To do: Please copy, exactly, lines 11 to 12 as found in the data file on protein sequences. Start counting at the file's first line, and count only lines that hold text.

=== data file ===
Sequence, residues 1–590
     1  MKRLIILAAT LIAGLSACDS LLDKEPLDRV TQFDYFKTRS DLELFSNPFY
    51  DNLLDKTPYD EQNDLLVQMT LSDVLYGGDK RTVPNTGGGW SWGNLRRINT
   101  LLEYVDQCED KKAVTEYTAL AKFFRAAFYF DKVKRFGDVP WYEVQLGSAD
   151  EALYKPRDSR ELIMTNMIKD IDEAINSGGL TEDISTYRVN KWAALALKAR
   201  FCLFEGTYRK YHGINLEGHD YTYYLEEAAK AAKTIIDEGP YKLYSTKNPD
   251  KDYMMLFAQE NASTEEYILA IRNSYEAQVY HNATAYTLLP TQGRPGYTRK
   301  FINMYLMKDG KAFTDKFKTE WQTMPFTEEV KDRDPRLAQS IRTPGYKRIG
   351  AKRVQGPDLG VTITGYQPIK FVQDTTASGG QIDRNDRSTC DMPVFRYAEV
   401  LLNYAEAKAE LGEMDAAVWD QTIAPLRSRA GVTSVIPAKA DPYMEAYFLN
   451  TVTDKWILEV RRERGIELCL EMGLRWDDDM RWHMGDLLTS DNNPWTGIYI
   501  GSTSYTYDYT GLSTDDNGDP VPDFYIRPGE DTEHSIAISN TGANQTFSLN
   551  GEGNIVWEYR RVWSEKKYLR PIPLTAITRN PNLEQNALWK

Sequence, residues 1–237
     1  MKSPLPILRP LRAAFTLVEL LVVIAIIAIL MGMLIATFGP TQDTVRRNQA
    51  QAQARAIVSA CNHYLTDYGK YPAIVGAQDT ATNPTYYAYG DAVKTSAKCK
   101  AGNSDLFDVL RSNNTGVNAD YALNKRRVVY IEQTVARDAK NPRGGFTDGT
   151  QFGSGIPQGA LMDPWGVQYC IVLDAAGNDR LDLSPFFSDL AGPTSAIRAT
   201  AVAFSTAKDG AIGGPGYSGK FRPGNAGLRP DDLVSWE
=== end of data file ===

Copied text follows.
   451  TVTDKWILEV RRERGIELCL EMGLRWDDDM RWHMGDLLTS DNNPWTGIYI
   501  GSTSYTYDYT GLSTDDNGDP VPDFYIRPGE DTEHSIAISN TGANQTFSLN